MotoGP 20 Review: Beyond. Together.

April 23, 2020

Covid-19 news: Koch Media, the game’s Australian media team, has reached out to us to let us know to inform our readers that due to the novel Coronavirus, a full 2020 season update will occur at the beginning of May, while the end of May will see a Moto2, Moto3 and Red Bull MotoGP Rookies Cup addition. Finally, the MotoE class will be added at the end of June.

MotoGP 19 launched at the start of June 2019 (check out our review here), and MotoGP 20 has arrived even earlier this year despite, or perhaps because of, the global pandemic we’re all stuck in. The official MotoGP 20 Championship Season is on hold, but that doesn’t mean we can’t keep the racing going in the virtual world on all the officially licensed tracks (including the new Finnish circuit Kymiring), bikes and riders. MotoGP 20 brings some new ideas to the plate while retaining the same core build as last year’s iteration. Join us as we take an in-depth look at what’s new and what’s recycled in our comprehensive review.

This year’s MotoGP 20 has a clean new menu layout consisting of plenty of different gameplay options. Quick Modes allows you to jump straight into time trials, create a new grand prix, or even a new championship. Career mode is an extensive 52 week career based on the MotoGP 20 Championship Season (which has been affected by Covid-19 and therefore the game plans to reflect this with later updates), Multiplayer mode is back stronger than ever with a full Lobbies List that allows you to jump in to the type of session that you want to race as opposed to having the luck of the draw that some previous racing games have offered. You can also create public and private matches, as well as a new Race Director match option where you can create your own customised lobby and have full control over the narrative of the online session.

Finally, the Historical Challenges mode from MotoGP 19 has been renamed Historic Mode and received an overhaul. This year, players can choose between easy, intermediate, and difficult challenges, and be rewarded with a unique historic mode currency for finishing on the podium. This currency is then used to purchase riders and teams from the Historic Market to use in the rest of the game, and more importantly to show off online. While you only get 3,000 points for coming first in the easy challenge, third place in the difficult challenge nets 9,000 points, and if you’re a MotoGP expert you’ll manage to collect 15,000 points for coming first. It looks like the developers Milestone have no intention of every gamer being able to beat these challenges though, as the difficulty settings on even the easy challenge are not forgiving and certainly harder than last year’s challenges. Market items are also divided into four levels of rarity, with more rare items costing more.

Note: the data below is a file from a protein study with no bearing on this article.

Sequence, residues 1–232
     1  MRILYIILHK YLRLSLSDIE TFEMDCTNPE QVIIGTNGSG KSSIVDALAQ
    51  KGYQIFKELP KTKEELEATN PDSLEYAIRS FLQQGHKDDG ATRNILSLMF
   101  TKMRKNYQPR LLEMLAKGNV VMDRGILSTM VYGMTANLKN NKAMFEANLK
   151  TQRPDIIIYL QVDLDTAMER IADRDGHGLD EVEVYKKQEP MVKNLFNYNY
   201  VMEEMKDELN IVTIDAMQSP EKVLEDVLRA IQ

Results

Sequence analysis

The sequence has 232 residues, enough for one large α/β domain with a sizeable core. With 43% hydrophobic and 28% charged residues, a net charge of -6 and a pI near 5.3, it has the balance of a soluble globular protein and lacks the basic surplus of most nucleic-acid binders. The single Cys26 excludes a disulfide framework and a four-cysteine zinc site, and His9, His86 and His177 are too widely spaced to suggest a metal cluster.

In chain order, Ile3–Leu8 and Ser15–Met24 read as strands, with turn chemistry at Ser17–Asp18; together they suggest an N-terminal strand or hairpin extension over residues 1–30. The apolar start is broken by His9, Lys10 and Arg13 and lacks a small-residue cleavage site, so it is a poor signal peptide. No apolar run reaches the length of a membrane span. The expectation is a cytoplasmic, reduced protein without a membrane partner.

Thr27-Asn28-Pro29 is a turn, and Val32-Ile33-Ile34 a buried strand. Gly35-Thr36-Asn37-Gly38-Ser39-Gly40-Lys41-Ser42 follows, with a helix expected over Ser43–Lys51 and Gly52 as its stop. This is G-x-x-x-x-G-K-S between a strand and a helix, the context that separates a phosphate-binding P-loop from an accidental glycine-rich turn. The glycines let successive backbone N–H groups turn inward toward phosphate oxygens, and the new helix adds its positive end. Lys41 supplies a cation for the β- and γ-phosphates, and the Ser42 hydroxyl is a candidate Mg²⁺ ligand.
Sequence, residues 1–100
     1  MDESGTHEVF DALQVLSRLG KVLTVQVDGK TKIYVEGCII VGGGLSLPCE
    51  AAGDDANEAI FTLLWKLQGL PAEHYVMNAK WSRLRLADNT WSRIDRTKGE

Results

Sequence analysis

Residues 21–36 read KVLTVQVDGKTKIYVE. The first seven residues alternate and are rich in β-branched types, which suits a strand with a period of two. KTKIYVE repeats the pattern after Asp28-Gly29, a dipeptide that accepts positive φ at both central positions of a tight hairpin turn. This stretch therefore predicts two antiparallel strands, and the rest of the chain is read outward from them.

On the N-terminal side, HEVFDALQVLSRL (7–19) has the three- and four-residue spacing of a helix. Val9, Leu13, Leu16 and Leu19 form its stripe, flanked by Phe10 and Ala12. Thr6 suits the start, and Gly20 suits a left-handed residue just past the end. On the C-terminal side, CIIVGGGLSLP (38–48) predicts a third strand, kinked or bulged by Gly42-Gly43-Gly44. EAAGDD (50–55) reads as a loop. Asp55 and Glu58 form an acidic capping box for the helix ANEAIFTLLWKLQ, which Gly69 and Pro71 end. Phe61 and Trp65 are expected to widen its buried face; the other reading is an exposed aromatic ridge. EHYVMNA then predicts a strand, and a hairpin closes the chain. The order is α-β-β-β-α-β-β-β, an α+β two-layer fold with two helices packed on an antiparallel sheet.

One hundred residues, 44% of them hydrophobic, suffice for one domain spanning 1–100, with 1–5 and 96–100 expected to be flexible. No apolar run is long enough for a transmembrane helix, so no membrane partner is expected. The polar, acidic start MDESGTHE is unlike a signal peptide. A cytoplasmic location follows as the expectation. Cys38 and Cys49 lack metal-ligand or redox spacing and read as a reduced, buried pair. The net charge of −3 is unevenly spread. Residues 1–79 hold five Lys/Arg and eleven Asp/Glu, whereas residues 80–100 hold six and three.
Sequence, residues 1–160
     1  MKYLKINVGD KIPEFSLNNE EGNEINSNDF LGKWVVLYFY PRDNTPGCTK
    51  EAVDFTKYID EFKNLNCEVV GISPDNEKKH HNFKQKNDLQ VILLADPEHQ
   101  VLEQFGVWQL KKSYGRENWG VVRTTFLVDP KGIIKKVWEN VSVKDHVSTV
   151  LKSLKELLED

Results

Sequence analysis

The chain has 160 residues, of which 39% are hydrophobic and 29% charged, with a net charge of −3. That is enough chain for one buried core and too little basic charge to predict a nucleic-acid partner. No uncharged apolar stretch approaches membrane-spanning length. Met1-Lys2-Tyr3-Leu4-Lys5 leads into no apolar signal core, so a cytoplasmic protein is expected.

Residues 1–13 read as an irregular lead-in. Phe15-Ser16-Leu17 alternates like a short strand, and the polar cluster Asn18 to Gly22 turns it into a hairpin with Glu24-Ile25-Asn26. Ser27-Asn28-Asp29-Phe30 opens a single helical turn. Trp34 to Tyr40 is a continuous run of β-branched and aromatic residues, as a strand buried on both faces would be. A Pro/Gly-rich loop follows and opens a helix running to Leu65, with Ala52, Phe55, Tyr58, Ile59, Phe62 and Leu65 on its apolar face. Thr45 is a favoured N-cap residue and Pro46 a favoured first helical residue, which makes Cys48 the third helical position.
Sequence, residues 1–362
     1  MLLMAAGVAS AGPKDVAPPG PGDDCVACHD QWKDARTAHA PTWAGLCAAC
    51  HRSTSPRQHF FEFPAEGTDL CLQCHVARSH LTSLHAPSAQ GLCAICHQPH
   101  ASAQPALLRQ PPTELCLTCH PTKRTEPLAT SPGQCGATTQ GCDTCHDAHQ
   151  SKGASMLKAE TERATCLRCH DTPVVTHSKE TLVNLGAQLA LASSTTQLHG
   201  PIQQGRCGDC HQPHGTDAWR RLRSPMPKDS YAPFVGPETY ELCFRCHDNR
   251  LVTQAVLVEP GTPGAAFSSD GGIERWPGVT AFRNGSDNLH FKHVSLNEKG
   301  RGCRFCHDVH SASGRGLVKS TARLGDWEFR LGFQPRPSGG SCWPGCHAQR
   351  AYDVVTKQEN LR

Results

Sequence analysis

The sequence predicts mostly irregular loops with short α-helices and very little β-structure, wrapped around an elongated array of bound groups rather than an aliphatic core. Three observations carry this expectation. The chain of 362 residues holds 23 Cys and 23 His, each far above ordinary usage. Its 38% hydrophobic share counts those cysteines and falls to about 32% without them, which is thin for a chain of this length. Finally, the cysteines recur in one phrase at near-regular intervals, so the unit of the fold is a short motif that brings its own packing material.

Career mode in MotoGP 20 has received a bit of an overhaul, though all the key systems are still in place. When you commence a career, you sign a personal manager, technical staff, as well as choose the look of your rider and team design. This is all customisable throughout the campaign (and you can get much more in-depth in the actual Customisation menu), so don’t get too bogged down on how you look – the real action is on the track.

At the end of each race you’re awarded reputation points that you can use to build on existing contracts as well as sign new ones. Reputation can be earned by completing team objectives such as starting in the third row or finishing in the top 10, and there are of course extra bonuses for podium finishes. If you start to decline on your performance, your contract will appear as no longer secure, and you may even lose it so negotiating a contract that fits your performance is key to a successful MotoGP 20 career.

Research & Development is as important as ever, and it’s worth jumping on the upgrades as soon as you can as some of them will take up a quarter of the season to complete. As usual, you can upgrade your engine, frame, aerodynamics and electronics, and this year you can assign engineers that are suited to each project. Each project will provide some minor improvements to your bike such as increased performance or downforce, or better reactivity or bend distance. It’s a slow upgrade system designed to have you racing through several seasons, and you’ll be able to slowly increase the difficulty as your bike begins to perform better.